Libya war led to SNC-Lavalin shake-up

Two senior executives have been fired for running afoul of ethical conduct, after media allegations tying one of them to a plot to smuggle Saadi el-Qaddafi (pictured), son of deceased Libyan dictator Muammar el-Qaddafi, into Mexico, surfaced.

Cloak and dagger intrigue took centre stage in a recent management shake-up at Canadian infrastructure developer SNC-Lavalin.

The Montreal, Quebec construction and engineering firm said Charles Chebl has been named executive vice president of its infrastructure business – which builds and manages infrastructure projects across the world, such as Toronto’s 407 highway concession – following the ouster of executive vice president for infrastructure Riadh Ben Aissa and vice president controller Stephane Roy.

SNC-Lavalin said Ben Aissa and Roy had been fired for running afoul of ethical conduct, without explaining why. A voicemail message left with an SNC-Lavalin spokeswoman was not returned.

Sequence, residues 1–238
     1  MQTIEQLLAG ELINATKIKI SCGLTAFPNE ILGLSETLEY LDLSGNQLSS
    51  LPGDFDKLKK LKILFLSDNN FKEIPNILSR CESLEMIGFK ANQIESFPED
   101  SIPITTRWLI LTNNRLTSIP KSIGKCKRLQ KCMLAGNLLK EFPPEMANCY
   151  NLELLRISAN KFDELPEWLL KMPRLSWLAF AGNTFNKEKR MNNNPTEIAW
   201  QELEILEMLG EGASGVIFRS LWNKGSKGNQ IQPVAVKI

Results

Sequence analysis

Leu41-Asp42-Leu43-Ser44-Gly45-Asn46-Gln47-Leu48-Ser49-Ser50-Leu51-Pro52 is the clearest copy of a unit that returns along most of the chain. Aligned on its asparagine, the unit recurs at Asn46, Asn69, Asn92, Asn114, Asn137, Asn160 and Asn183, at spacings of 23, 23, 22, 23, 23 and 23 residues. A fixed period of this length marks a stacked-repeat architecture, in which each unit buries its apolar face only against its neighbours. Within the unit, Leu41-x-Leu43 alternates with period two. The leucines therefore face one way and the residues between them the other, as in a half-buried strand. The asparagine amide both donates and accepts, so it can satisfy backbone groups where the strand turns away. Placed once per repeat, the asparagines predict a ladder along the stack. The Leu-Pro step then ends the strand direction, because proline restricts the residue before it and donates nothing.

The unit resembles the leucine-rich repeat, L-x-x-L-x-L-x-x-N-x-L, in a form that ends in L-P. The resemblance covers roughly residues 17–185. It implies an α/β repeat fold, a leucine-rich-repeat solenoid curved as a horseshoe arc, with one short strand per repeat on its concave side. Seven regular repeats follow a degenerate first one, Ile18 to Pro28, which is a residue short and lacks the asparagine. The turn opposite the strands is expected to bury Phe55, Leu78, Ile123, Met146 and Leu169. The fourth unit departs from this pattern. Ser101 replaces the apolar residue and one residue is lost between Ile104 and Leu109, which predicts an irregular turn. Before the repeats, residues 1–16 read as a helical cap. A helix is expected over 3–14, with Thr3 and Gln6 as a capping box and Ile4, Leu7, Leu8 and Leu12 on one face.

A recent report by CBC News tied Roy to Cynthia Vanier – a consultant he had hired to do fact finding work for the firm  – who was arrested in Mexico in connection with an alleged plot to help smuggle Saadi el-Qaddafi, son of deceased Muammar el-Qaddafi, the long time Libyan dictator, into the Latin American country. In its report, the Canadian media outlet also raised questions about the Ben Aissa-led infrastructure unit's business conduct in Libya.

Ben Aissa, meanwhile, has gone on the offensive against his erstwhile employer. The fired executive issued a press release to “set the record straight,” claiming he made a “decision to resign”. In his statement, he went on to claim he “spared no effort” to protect SNC-Lavalin in its international business dealings. As leader of SNC-Lavalin’s infrastructure business, Ben Aissa managed more than 10,000 employees worldwide. He had been with the company for 27 years.

“Therefore, Mr. Ben Aissa, has decided to undertake the appropriate legal recourse against SNC-Lavalin in order to set the record straight and re-establish his reputation,” his press release read.

This is not the first time SNC-Lavalin has found itself embroiled in controversy. Last September, Canadian authorities raided the firm’s offices outside Toronto as part of an investigation regarding bidding practices on a Bangladeshi bridge project in which SNC-Lavalin had been involved.

Saadi el-Qaddafi is the third son of Muammar el-Qaddafi. He was a military commander and was involved in the Libya civil war. Interpol is attempting to arrest him. He is also a businessman and a former soccer player.